Related to that question: are you at all concerned about the organization’s relative weakness at the 3rd base and shortstop positions? And do you think that Beane will need to target a capable player for one of those positions in his next trade?

I think that is of some concern because clearly Bobby Crosby isn’t the future for the team at shortstop and Eric Chavez is such a question-mark. Cliff Pennington, Gregorio Petit and Eric Patterson are all players who have some usefulness, but a strong team probably has those guys as utility players and not starters. Jeff Baisley is a guy who could surprise. He really hit well at Triple-A this year and was hitting well at Double-A last year before a knee injury ruined his second half. He’s got great hands and decent range at third and a right-handed power-hitter in the A’s line-up would be a welcome sight. But he’s certainly not a sure thing.


I would imagine that shortstop is the position that makes the most sense for the A’s to focus on improving through trades, maybe by sending a package of prospects for a young, major-league shortstop who is under the team’s control for a few years that they can build around. The offense needs major improvement and shortstop is the one position where they could add an established offensive player and not block the development of one of their top prospects. Crosby’s contract could prevent them from adding a shortstop, but it would be disappointing to see that level of production out of the shortstop spot next season.


James Simmons has been the topic of some conversation on the site. Some observers believe that without overpowering stuff or an adequate mix of pitches, he won’t ever be much of a major league starter. Others point to his great command, good changeup and great numbers in Midland after getting proper diagnosis on his sleep apnea as proof that he can be a good number 3 or 4 starter in the majors. What is your opinion of young James?

I think Simmons’ stuff is better than people give him credit for. He isn’t Max Scherzer in terms of velocity, but he can reach the low-90s with his fastball and he has great placement of that fastball, which is key. He was one of the better Texas League pitchers for most of the season and he was one of the youngest. His July (2.76 ERA and 43 strike-outs against four walks in 42.1 innings) was ridiculous. The A’s have pushed him aggressively, starting him at Double-A, then sending him to the Arizona Fall League and inviting him to big league camp last season, and he has responded well to all of those challenges. He isn’t a finished product, by any means, but what he has accomplished thus far is impressive. I think he has as good of a shot as anyone to have a successful major league career. It is entirely possible, by the way, that the River Cats will sport a rotation at the start of next season that includes 22-year-olds Simmons and Mazzaro and 21-year-olds Anderson and Cahill.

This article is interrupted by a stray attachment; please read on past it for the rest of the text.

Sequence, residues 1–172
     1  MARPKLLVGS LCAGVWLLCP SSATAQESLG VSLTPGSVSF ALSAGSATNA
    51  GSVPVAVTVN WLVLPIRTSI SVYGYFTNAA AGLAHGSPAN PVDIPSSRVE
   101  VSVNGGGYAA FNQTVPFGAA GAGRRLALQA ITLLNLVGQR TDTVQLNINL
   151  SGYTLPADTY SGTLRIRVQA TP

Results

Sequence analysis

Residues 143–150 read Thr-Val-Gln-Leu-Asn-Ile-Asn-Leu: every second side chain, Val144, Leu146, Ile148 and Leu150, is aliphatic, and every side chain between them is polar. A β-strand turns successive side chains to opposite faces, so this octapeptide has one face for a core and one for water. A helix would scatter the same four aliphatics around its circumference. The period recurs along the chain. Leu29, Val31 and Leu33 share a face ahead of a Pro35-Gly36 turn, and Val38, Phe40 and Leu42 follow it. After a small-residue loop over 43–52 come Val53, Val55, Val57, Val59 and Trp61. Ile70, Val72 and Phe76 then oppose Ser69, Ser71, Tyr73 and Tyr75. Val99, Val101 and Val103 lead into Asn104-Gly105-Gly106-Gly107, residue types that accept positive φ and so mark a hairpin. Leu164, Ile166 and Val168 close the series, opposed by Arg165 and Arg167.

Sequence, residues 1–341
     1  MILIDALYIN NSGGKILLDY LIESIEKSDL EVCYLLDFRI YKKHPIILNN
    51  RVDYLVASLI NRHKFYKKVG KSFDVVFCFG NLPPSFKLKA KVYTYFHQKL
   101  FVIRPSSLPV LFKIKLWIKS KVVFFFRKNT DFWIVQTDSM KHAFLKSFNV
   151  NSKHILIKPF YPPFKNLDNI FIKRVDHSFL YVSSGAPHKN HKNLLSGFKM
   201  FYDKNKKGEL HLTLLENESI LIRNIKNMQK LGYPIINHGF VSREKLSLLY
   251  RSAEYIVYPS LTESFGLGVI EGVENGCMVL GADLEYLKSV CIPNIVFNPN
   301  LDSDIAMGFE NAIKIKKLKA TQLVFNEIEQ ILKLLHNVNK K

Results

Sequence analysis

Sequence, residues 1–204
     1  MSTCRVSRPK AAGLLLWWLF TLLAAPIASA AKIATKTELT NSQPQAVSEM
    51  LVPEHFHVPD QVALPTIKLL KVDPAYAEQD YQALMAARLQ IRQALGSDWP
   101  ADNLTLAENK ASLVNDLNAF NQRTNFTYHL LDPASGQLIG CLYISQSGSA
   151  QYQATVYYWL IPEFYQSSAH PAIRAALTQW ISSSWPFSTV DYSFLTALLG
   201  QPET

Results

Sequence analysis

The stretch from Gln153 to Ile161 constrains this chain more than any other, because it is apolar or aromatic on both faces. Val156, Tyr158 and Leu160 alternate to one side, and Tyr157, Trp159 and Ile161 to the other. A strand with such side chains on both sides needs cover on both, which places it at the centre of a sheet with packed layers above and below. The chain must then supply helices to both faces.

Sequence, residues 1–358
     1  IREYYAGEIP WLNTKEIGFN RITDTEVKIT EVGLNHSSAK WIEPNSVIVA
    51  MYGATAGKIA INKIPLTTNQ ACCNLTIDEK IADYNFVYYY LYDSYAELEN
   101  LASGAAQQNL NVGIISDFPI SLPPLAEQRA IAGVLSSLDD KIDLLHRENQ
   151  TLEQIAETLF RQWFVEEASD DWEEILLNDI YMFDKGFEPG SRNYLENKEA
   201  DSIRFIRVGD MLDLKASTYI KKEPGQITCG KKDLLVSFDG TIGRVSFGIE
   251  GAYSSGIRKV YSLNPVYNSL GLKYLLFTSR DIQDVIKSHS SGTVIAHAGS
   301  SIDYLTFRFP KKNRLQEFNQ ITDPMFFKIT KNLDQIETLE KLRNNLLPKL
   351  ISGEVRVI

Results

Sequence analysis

Who’s your early pick to be the breakout candidate of the year in 2009?

I reserve the right to change this pick come spring training, but I see Matt Sulentic having a big year next season. He had a great year with Stockton, but he was kind of lost in the shuffle with all of the great prospects that the A’s had on that team this year. The time missed at the end of the season didn’t help either. Very quietly, Sulentic hit better than .300 and showed some power. He has also turned himself into an excellent defensive right-fielder, which is pretty amazing when you consider that he was being pigeon-holed as a defensive liability when he was drafted. He’s another guy who was given a challenge by the organization at the start of the season and he responded to that challenge, big-time. I see him taking it to the next level in 2009.


Finally: as an expert on the A’s minor league team, when do you realistically expect the team to be relevant to the postseason picture once again? And as a side note to that, will that team reside in Oakland, Fremont or out of state?

Unfortunately, I’m going to leave you all on a boring note and say that I’m really not sure of the answer to either question. The A’s have a ton of talent, but obviously not all of that talent is going to pan out and some of it is going to arrive in the big leagues at different times. I think if the A’s wanted to go out there next year and be competitive, they probably could because they have the chips to make a few trades, some money to spend on free agents and their pitching staff is already good enough to be competitive. We’ll have to see what kind of moves they make this off-season. If they don’t add some offensive talent at the big league level before next April, they won’t be competitive this season, I’m pretty sure of that. I will say that I would be surprised if the A’s are still playing under .500 baseball in 2010.


As for the location of the A’s next home playoff game, I would venture to say that it will be the Coliseum, but only because I am an optimist and I can’t see them missing the playoffs every year from here until 2012, which is probably the earliest they would move into any new facility. I’ve always thought the threat of moving outside of the Bay Area is somewhat of an idle one. There just aren’t that many great markets still available and, at least in this economic environment, there aren’t too many cities clamoring to build publicly financed stadiums (which would be the A’s biggest incentive to leave this market). I think the A’s will stay in the Bay Area somewhere.